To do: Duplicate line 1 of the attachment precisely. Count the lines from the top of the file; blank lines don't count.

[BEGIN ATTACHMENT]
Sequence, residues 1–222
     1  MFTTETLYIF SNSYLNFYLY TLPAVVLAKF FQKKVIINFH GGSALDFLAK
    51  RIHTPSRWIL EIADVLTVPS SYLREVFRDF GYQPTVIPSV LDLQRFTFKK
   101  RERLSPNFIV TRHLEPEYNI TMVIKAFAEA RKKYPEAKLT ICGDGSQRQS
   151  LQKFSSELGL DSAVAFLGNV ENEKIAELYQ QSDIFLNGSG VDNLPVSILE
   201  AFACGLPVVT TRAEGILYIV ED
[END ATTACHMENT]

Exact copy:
Sequence, residues 1–222